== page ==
The exclusive relationship between the 2nd Commando Regiment and the DEA FAST was attributable to one senior officer from the 2nd Commando Regiment in particular, and for the purposes of this article, he will be referred to as “Rick.” Rick understood that whilst the SOTG was incredibly adept at achieving one of its main objectives of killing insurgents, we were not really reinforcing these effects by attacking their targetable critical vulnerabilities (TCV), the likes of which included their ability to finance their operations.

Our modus operandi (MO) during earlier rotations consisted predominantly of exceptionally long vehicle operations where spending four, five, and six weeks at a time patrolling through southern Afghanistan was not uncommon. At the time, the pendulum was swinging away from vehicle-based patrols and QRF operations to a more offensive deliberate action (DA) strike role, but it was only just starting to move. Our targeting during the early rotations were predominantly historical in context and provided little room to generate any kind of effects on insurgent TCVs. The lack of air assets meant that our historical targeting was a byproduct of our limitations due to the fact that, at the time, our FE operated exclusively as a ground assault force (GAF).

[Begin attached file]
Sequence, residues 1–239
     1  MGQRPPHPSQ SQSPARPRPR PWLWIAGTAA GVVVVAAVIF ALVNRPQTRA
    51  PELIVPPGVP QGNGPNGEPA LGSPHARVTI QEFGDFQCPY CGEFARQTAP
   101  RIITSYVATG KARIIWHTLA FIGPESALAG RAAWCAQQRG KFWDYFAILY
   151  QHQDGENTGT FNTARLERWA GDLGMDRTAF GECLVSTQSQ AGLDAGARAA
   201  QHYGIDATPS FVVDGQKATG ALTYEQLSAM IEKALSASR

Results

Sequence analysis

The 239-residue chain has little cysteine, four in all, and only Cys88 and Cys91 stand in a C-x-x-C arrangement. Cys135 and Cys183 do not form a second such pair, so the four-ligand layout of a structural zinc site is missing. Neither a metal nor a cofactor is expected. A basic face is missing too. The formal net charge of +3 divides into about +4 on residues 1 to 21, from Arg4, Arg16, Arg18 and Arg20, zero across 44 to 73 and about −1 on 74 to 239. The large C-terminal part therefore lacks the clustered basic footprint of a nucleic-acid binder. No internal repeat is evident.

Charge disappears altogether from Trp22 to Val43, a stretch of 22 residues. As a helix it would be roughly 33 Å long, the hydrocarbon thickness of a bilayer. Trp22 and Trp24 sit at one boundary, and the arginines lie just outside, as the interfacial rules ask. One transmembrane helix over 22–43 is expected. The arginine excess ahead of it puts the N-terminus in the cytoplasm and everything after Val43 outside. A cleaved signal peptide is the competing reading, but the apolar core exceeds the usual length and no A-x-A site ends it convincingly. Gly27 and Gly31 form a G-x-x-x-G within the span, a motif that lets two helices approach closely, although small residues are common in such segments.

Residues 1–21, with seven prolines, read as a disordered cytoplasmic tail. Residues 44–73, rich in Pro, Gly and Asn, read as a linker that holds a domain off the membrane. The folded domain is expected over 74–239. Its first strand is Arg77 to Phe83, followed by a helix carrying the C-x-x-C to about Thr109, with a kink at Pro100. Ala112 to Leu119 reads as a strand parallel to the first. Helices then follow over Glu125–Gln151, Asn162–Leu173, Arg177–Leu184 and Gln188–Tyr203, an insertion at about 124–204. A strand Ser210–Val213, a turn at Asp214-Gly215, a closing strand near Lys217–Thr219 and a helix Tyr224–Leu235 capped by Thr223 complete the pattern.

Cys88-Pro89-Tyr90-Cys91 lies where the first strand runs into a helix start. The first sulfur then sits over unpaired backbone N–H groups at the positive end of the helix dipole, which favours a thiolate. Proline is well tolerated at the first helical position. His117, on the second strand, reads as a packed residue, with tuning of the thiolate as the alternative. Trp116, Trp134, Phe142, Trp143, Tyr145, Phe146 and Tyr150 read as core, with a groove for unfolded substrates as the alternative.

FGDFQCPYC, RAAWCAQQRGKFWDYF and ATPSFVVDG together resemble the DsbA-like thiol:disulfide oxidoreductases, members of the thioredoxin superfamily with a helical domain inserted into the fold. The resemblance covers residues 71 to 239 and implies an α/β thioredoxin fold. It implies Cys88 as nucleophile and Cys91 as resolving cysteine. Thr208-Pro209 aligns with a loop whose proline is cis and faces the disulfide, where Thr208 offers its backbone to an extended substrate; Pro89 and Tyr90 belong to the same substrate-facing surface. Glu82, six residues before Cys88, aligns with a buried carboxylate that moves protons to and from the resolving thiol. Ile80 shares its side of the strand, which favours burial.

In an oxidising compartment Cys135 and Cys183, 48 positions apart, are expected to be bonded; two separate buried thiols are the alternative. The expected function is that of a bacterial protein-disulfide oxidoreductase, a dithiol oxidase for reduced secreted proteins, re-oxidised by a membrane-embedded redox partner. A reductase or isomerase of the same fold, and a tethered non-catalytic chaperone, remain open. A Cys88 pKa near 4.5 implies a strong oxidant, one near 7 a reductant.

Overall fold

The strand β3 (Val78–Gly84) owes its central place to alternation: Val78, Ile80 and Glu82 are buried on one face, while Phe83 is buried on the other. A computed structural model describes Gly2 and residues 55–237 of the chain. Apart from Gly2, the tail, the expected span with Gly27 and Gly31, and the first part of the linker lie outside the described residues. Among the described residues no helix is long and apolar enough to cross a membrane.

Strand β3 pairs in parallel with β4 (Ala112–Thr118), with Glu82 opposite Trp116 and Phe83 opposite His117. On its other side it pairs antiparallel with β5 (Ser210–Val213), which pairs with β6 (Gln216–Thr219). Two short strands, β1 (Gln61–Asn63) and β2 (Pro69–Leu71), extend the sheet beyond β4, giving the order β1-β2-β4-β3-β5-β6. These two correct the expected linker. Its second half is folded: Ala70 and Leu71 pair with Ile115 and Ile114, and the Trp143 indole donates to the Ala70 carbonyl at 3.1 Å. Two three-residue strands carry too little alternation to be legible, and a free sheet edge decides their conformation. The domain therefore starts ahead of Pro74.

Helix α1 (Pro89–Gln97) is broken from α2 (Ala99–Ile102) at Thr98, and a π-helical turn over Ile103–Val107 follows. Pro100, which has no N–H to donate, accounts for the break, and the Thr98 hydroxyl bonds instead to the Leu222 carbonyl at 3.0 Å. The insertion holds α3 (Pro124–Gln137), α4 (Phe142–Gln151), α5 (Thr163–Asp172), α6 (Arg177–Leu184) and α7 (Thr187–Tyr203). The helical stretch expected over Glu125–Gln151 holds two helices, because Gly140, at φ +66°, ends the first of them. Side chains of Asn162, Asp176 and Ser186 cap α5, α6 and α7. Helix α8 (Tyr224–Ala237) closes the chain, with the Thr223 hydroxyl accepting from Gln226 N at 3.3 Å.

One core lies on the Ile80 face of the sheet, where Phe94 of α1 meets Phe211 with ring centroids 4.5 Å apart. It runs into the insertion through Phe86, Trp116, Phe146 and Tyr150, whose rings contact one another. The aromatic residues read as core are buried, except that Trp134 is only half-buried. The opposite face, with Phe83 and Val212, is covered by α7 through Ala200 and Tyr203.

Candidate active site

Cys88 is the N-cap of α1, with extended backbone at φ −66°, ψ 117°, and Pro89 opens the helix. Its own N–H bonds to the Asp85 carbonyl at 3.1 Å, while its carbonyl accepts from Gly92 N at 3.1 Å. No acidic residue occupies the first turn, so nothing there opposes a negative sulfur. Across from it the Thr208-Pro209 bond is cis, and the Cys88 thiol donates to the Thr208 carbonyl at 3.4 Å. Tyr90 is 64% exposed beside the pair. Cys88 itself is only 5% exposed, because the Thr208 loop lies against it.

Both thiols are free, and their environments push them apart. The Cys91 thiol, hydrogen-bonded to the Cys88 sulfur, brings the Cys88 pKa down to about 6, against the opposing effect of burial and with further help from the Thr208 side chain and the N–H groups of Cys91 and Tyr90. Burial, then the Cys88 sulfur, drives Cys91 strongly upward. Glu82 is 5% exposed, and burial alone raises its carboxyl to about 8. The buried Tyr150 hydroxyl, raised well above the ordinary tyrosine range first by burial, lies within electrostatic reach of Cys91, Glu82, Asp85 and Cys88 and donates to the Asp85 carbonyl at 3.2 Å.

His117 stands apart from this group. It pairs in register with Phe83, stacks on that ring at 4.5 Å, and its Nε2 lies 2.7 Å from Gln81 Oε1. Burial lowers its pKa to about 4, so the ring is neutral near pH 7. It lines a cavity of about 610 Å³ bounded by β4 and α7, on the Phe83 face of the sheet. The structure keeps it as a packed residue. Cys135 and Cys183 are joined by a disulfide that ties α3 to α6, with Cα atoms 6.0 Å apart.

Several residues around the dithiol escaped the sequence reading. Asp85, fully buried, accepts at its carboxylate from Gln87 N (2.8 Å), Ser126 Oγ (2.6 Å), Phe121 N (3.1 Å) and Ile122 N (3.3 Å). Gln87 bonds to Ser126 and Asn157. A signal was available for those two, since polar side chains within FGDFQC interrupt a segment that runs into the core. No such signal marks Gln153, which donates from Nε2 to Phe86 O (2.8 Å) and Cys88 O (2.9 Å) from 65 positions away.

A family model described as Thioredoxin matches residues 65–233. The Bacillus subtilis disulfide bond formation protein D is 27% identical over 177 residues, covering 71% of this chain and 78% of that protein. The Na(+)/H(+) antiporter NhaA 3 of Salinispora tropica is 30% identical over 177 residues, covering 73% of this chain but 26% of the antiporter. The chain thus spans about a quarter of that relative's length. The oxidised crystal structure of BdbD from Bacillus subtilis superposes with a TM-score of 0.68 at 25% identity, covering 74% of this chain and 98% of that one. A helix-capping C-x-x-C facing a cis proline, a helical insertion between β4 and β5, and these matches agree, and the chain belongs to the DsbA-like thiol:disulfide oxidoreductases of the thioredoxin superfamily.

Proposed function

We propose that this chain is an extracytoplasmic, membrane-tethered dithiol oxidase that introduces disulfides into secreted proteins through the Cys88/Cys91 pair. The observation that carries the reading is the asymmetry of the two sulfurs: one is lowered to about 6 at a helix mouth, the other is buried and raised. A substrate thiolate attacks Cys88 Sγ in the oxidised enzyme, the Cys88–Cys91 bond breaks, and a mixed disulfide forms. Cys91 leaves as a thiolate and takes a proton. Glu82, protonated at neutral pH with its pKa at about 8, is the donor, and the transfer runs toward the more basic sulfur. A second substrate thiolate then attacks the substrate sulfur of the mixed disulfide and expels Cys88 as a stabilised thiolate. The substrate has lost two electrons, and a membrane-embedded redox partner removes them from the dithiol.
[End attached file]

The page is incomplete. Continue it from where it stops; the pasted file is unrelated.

This leads me to Rick’s second point—which was addressed in my previous article—that being the Australian government did not fully enable the SOTG by providing dedicated air assets. Without a doubt, our biggest hindrance was a lack of helicopter support to the SOTG’s counter-insurgency and counter-leadership operations. While our country’s initial CH-47 Chinook helicopter detachment—which operated out of Kandahar Air Field as Task Group 633.7—was deployed to primarily support the Special Forces Task Group (the SFTF was the predecessor to the SOTG), the detachment was re-tasked in 2006 to support the wider NATO effort in the war. The re-tasking coincided with Australia’s initial withdrawal of the SFTF, which made sense as the aircraft and crews could still provide support to the war even though the government believed that the role of our special operations forces was over.

Even though the CH-47D and its 110 personnel from the 5th Aviation Regiment had already been re-tasked, the priority of the detachment was promised to be “given to Australian activities” above all else. In all of my experience deploying to Afghanistan, however, this was far from reality. The aircraft were placed in a pool of coalition air assets which needed to be ‘bid’ on by competing task groups for mission allocation. Operations and potential effect would essentially be weighed up, with air assets being allocated to those which were considered to be the most important.